Armastus, Andestus, Alandlikkus: The Rediscovery of the Orthodox Christianity in Post-Soviet Estonia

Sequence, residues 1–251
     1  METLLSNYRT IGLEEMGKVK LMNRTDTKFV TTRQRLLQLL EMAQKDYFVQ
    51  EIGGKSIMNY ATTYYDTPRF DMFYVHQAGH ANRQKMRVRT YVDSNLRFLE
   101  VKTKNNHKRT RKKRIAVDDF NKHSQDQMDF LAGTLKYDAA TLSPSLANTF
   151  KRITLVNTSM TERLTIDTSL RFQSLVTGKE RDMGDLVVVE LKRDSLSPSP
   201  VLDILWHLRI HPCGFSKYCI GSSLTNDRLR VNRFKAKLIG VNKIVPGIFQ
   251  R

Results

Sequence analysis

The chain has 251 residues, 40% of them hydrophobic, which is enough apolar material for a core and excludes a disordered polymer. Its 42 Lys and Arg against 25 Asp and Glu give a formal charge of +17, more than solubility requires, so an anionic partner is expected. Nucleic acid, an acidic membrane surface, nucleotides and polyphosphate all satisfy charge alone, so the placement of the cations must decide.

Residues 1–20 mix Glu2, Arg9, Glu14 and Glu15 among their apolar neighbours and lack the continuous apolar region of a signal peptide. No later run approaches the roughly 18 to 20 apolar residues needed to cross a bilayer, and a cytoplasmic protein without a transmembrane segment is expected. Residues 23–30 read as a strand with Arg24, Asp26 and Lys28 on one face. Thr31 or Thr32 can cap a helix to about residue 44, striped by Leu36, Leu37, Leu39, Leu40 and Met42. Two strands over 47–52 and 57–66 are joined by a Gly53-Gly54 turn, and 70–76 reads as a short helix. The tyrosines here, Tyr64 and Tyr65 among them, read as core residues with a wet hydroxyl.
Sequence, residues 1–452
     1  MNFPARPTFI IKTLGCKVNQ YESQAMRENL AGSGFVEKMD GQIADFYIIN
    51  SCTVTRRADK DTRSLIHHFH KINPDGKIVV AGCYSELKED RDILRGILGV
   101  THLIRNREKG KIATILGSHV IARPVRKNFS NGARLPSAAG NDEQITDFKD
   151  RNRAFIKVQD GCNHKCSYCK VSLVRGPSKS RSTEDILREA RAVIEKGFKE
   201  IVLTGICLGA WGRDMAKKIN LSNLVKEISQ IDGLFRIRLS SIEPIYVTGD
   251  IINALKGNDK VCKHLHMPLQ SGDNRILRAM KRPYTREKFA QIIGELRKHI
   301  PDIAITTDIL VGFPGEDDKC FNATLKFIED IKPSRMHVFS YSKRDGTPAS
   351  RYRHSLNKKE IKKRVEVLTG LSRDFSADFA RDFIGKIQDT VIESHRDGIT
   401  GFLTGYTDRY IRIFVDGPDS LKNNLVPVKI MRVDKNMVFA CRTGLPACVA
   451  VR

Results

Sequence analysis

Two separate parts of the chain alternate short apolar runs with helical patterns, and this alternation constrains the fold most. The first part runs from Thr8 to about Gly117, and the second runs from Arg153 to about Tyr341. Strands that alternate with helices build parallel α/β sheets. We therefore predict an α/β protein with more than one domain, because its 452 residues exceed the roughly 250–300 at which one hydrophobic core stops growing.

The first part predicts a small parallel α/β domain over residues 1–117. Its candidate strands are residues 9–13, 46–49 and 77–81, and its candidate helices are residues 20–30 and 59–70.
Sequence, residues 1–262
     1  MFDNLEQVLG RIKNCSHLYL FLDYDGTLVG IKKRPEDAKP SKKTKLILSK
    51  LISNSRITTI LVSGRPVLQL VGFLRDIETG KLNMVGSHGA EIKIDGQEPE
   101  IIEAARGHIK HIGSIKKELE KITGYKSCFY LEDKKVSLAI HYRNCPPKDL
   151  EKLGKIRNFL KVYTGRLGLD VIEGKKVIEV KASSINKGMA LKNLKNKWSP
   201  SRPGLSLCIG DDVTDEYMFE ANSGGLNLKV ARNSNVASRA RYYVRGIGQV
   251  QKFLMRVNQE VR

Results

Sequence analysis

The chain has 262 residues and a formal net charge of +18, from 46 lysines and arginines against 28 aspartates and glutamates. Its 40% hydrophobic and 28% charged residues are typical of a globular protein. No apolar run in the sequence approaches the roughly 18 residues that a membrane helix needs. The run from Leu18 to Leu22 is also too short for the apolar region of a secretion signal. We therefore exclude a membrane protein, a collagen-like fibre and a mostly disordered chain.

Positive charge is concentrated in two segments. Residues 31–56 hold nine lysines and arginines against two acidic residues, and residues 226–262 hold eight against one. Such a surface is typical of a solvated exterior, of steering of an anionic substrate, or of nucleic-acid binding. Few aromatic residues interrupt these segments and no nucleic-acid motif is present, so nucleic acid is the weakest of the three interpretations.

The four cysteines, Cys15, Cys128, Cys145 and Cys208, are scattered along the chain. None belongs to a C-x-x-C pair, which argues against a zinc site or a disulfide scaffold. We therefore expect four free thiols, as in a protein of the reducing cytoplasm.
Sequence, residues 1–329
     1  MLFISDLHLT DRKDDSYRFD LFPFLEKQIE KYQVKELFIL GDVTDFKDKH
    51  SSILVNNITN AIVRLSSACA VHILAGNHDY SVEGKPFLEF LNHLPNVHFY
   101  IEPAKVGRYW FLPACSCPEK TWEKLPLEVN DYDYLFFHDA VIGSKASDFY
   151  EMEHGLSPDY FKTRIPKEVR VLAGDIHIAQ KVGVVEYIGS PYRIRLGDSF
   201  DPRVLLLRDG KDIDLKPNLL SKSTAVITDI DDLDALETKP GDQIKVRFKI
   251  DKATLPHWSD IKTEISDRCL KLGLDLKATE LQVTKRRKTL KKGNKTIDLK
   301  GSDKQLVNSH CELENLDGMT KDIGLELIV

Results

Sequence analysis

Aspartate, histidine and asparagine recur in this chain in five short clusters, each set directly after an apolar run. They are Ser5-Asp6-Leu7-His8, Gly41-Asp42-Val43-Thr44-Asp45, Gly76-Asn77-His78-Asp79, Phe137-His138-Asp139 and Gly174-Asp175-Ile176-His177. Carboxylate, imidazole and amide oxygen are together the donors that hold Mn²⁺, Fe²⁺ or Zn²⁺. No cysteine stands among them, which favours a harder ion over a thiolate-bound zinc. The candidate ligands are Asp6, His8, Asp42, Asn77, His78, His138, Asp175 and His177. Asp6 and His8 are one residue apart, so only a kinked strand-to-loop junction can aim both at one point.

AbstractThe aim of the present article is to outline some of the basic characteristics of the post-Soviet ‘renaissance’ of the Estonian Apostolic Orthodox Church (under jurisdiction of the Ecumenical Patriarchate of Constantinople), for example the conversion from Lutheranism to Orthodox Christianity and the processes of rediscovery, reinvention and ‘Estonianisation’ of Orthodox Christianity. The restoration of the autonomous Estonian Apostolic Orthodox Church, beginning in the 1990s, is due to the historic presence of Orthodoxy in Estonia, but also has the particularities of a new project that seeks contemporary horizons and copes with specific postsocialist problems. The paper takes a closer look at the specific dimensions of these processes through a study of a small Orthodox community: the parish of St. Alexander Nevsky church in Tartu. The author strives to demonstrate the living process of reinvention of Orthodox Christianity in Estonia and more generally the ‘making’, creation, of religion. The small religious community in Tartu dealt with in the paper, shares a number of features of the transforming religiosity of Europe: emphasis on spirituality, openness to the impacts of globalisation, the hybrid character of certain religious practices. It is likewise an example of the fact that Orthodox Christianity may also be the free choice of people looking for moral perfection. This is one of the answers to the main research question about the reasons and character of a contemporary conversion to Orthodox Christianity.
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